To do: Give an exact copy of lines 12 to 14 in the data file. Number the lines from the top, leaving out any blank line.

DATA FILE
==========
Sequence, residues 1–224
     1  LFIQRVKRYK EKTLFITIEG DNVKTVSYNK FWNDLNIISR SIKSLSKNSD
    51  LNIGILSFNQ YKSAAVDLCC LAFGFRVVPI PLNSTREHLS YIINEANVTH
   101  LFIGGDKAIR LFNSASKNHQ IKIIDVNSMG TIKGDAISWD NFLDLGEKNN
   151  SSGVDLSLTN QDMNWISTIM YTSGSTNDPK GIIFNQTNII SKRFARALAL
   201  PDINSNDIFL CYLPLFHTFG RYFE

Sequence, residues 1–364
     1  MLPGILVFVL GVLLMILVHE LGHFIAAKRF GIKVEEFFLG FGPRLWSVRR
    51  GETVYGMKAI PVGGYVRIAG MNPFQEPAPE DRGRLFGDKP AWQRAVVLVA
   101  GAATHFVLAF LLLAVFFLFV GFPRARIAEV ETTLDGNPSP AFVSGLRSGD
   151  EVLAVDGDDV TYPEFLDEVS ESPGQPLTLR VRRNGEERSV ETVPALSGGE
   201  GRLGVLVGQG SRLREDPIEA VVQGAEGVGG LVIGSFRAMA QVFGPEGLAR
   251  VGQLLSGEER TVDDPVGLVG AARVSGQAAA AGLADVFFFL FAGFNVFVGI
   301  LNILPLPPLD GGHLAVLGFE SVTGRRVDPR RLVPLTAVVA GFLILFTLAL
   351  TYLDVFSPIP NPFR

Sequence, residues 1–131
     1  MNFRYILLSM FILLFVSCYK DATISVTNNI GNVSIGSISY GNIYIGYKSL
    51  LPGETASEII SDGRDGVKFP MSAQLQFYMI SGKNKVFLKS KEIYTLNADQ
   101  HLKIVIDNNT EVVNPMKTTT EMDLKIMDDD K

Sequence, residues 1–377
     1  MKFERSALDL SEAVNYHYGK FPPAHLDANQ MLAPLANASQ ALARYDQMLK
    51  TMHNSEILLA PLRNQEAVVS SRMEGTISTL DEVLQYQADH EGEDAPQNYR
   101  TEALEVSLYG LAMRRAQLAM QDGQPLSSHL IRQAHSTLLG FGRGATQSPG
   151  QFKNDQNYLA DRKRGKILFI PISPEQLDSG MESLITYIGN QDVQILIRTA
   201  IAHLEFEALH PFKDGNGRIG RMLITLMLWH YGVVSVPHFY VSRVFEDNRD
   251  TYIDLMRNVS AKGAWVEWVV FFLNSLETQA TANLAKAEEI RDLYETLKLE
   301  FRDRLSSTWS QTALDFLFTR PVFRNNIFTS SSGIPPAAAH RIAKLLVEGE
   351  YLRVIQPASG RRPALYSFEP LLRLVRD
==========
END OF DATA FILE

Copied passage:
   201  GRLGVLVGQG SRLREDPIEA VVQGAEGVGG LVIGSFRAMA QVFGPEGLAR
   251  VGQLLSGEER TVDDPVGLVG AARVSGQAAA AGLADVFFFL FAGFNVFVGI
   301  LNILPLPPLD GGHLAVLGFE SVTGRRVDPR RLVPLTAVVA GFLILFTLAL